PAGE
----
Ok, so we know he’s fast, but can he cover? Based on what I saw in the Cotton Bowl, I think the answer is yes. If you recall, Sheffield started the game in place of Denzel Ward, who chose to sit out after declaring for the NFL Draft. Yes, Sheffield gave up some completions, but the difference in what I saw at the Cotton Bowl compared to early in the season is what gives me hope that he can step in and be a “shutdown” cornerback. Although he’s spending time with the Buckeye track team, he will not be skipping spring practice. He’s going to be in the middle of a three-player battle with 2017 starter Damon Arnette and much-heralded sophomore-to-be Jeffrey Okudah for the two starting cornerback spots. My choices? Unless Arnette makes a leap this spring, I think it will be Sheffield and Okudah when the Buckeyes open the season with Oregon State.
Let's Try This Again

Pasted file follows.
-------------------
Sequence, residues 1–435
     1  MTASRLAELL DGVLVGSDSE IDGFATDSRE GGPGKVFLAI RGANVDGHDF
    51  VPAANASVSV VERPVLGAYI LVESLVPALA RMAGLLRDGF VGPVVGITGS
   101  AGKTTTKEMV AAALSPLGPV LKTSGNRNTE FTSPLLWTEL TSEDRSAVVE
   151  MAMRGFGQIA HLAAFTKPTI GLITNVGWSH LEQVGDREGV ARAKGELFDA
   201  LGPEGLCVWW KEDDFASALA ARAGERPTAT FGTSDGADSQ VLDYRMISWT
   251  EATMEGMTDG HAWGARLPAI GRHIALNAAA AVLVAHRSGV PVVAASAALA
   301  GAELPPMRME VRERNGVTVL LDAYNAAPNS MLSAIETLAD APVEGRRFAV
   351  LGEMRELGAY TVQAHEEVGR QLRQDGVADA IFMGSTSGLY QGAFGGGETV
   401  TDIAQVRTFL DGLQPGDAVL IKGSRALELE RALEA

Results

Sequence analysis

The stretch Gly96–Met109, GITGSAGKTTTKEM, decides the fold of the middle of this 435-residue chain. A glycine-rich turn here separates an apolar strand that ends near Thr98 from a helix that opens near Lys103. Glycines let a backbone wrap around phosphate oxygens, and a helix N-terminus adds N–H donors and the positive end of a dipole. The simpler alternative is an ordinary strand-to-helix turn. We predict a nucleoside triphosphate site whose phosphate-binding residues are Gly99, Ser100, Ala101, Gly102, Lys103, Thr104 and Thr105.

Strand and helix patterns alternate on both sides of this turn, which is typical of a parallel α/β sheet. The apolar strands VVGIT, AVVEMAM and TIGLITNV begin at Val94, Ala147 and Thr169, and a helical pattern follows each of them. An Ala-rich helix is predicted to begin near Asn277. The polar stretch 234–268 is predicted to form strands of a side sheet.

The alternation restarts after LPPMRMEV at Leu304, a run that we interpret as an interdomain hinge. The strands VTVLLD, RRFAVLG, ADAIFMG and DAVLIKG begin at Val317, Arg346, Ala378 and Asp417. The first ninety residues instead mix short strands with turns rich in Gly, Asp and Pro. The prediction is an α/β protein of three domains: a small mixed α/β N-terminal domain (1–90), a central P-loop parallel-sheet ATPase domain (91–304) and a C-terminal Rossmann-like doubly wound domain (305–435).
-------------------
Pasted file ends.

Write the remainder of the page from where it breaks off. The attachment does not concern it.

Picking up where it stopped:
Defensive tackle Antwaun Jackson is one of the gems in the Buckeyes' most recent recruiting class; he was the number one junior college player in the country. What you may not know is Jackson was heavily recruited by Ohio State two years ago and shocked everyone by choosing Auburn over the Buckeyes. According to a story by Tim May of The Columbus Dispatch, it took Jackson two days after arriving at Auburn to realize he'd made a mistake and asked his high school head coach to call the Buckeyes and tell them so. Enter Ohio State defensive line coach Larry Johnson, Sr. When Jackson opened up his recruitment again after transferring to Blinn College for the 2017 season, the country's best d-line coach told Jackson, "If we come down this road again, you're going to show me it's real. We're not going to do any babysitting, calling you. We've done that already. The minute you take a trip somewhere else, I'm pulling the scholarship offer. We're done." Jacskon signing with the Buckeyes after being spoken to like a six-year-old is a testament to the respect Coach Johnson commands.